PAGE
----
FAO says rice production outpacing consumption
Global rice production for 2012 is forecast to outpace consumption in 2012/13, resulting in an upward revision of 5 million tonnes in 2013 closing inventories, according to a new forecast by FAO's Rice Market Monitor (RMM) issued this week.
"Compared to last year, world rice carryover stocks are expected to rise by 7 percent, or 10 million tonnes, to a new high of almost 170 tonnes, marking the eighth consecutive year of stock accumulation," says the RMM. "As a result, the world rice stock-to-use ratio is forecast to rise from 33.6 percent in 2012 to 35.5 percent in 2013."
Global Rice Production
FAO raised its July forecast for global rice production in 2012 by 4.2 million tonnes to 729 million tonnes, or 486 million tonnes on milled basis, largely because the 2012 season has been "progressing satisfactorily, especially after a revival of the monsoon rains since mid-August allayed fears of a repeat of the 2009 drought in India."
Prospects improved not only for India, but also for Egypt, the Democratic People's Republic of Korea, the Philippines, the United States and Viet Nam, while they worsened in Myanmar, Colombia and Senegal.
In Asia, where rice is the staple food, FAO projects paddy output will reach 661 million tonnes, or 441 million tonnes on milled basis, up 0.8 percent on 2011, underpinned by widespread gains and particularly large increases in Bangladesh, China, Indonesia, the Philippines, Thailand and Viet Nam. "Beyond India, where production may fall by 4 percent, Cambodia, the Republic of Korea, Nepal and Turkey are also predicted to witness a decline."
Production beyond Asia
Output is rebounding in Africa because of better weather, which "has led FAO to raise the region's production forecast to 26.4 million tonnes," or 17.3 million tonnes on milled basis. This is 4 percent more than in 2011. Much of the growth comes from Egypt, where attractive prices again prompted farmers to exceed their cultivation limits. But increases also come from Mali, Ghana, Mozambique, Sierra Leone, Tanzania and Nigeria.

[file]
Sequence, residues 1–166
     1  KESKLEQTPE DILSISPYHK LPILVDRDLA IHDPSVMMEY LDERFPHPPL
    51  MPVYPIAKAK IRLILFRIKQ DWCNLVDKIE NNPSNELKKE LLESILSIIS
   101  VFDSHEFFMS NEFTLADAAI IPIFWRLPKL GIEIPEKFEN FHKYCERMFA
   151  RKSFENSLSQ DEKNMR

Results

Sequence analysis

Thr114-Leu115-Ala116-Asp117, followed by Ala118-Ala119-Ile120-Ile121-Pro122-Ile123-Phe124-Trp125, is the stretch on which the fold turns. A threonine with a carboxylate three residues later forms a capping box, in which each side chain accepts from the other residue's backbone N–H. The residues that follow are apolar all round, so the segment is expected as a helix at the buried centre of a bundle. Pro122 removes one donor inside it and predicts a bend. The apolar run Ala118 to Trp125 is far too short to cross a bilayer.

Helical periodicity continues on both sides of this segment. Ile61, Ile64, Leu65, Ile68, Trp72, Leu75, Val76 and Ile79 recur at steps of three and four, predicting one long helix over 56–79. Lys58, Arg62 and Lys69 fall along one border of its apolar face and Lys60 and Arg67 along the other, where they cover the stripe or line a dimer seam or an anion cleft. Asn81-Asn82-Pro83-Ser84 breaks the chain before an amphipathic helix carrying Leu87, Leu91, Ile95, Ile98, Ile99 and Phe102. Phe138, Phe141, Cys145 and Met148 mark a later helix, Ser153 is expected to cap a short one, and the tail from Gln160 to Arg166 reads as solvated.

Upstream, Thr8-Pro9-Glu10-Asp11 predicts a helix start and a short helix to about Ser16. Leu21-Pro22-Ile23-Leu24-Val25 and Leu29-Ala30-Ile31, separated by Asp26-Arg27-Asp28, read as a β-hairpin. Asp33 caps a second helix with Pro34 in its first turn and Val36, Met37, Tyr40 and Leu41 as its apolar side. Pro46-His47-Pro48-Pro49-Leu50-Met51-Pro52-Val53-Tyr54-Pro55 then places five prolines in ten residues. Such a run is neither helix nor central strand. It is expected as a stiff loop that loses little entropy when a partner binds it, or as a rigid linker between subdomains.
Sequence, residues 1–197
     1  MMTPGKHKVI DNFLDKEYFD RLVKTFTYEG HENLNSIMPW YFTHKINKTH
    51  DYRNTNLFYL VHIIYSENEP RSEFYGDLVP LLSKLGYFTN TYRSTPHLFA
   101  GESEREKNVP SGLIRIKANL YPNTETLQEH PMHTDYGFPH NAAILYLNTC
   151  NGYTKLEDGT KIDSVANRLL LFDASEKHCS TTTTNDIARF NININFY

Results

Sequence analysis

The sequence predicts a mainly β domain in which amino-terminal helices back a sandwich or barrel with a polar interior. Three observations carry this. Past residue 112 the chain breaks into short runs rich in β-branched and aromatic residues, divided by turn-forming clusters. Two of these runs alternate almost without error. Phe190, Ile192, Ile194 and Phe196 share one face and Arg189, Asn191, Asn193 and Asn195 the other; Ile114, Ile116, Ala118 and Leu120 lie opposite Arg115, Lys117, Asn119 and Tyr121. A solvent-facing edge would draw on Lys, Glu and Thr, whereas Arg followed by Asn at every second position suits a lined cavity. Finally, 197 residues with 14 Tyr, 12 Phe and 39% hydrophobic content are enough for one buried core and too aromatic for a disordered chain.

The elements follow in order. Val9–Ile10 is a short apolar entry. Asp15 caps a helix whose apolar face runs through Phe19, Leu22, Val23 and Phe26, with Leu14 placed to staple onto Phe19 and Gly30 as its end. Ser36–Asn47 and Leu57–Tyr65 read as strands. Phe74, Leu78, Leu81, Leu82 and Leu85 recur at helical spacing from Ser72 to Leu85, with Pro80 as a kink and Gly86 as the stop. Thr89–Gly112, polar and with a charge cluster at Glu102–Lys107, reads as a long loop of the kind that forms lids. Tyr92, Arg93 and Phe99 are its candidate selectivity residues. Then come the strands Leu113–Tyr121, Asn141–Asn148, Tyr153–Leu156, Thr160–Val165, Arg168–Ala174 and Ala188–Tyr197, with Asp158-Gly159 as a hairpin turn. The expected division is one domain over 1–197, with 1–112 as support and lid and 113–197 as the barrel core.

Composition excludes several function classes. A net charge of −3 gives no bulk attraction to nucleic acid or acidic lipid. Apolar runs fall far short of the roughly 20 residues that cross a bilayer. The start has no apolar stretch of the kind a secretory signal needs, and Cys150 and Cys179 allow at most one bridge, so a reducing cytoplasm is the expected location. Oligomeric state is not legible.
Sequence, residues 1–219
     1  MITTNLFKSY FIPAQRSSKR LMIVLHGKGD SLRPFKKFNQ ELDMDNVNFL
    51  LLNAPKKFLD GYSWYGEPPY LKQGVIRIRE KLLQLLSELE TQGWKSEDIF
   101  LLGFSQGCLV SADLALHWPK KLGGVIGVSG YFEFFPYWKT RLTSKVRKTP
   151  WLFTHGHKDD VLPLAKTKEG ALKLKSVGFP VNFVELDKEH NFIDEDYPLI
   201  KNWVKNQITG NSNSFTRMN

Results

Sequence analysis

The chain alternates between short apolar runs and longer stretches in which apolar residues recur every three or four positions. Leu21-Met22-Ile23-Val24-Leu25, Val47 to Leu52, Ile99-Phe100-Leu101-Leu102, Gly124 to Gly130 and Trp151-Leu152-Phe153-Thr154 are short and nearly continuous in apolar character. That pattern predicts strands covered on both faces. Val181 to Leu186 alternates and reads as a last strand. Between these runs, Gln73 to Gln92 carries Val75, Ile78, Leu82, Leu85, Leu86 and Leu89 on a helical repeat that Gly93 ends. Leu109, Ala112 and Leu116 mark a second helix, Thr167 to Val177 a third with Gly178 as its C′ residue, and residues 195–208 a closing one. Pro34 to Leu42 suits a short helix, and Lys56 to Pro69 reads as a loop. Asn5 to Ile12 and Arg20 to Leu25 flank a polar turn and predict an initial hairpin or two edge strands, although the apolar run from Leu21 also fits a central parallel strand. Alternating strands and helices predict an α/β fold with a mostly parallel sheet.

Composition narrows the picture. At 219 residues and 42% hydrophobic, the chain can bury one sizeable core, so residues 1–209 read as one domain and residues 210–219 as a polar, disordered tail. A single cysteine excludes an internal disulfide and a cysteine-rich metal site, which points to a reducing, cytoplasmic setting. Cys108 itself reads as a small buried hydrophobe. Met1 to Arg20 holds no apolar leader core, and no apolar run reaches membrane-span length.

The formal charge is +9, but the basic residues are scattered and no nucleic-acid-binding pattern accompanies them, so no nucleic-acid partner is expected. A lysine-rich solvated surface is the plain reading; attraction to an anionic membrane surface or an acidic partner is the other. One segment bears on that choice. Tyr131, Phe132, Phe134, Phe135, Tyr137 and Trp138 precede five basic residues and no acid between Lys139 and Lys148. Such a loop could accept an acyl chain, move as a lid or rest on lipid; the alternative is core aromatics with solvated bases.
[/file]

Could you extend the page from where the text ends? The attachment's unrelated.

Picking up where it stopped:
The outlook for rice production in Latin America and the Caribbean points to a 6 percent contraction to 27.4 million tonnes, (18.3 million tonnes milled basis), as insufficient irrigation water and expectations of low margins depressed rice cultivation in many South American countries. In other regions, FAO anticipates that output in the United States will be boosted by record yields, while Australia is heading towards its best season since 2006. The Russian Federation looks set to harvest a bumper crop of rice, while unfavourable weather curbed production in the European Union.
Increasing rice production in Asia means that the region that consumes the most rice will not need to import so much of it. FAO forecasts that global rice trade in 2013 will reach 37.5 million tonnes (milled basis), marginally above the estimate for 2012, which was recently raised by more than 3 million tonnes to 37.3 million tonnes (milled), 2 percent more than in 2011 and an all-time record. The higher trade volume reflects expectations of large draw-downs from the huge inventories held by exporting countries as they make space for new crops.
"In particular, Thai sales, either through private traders or government to government deals, are forecast to rebound," according to the RMM. Shipments by Australia, Egypt, Pakistan and Viet Nam are also forecast to increase. But, India's 2012 production shortfall and rising domestic needs may reduce the country's exports next year, while Argentina, Bolivia, Brazil, the United States and Uruguay are also expected to have lower sales in 2013.
Pending the arrival of the 2012 main season crops, large government purchases and stock building in Thailand plus lively purchases by African countries and China are causing international rice prices to firm up compared to the first four months of 2012. With Thailand extending its high producer price policy, Thai export quotations remain at a premium compared to other sources. This is depressing sales in 2012 and has compromised its long-standing primacy among global rice exporters.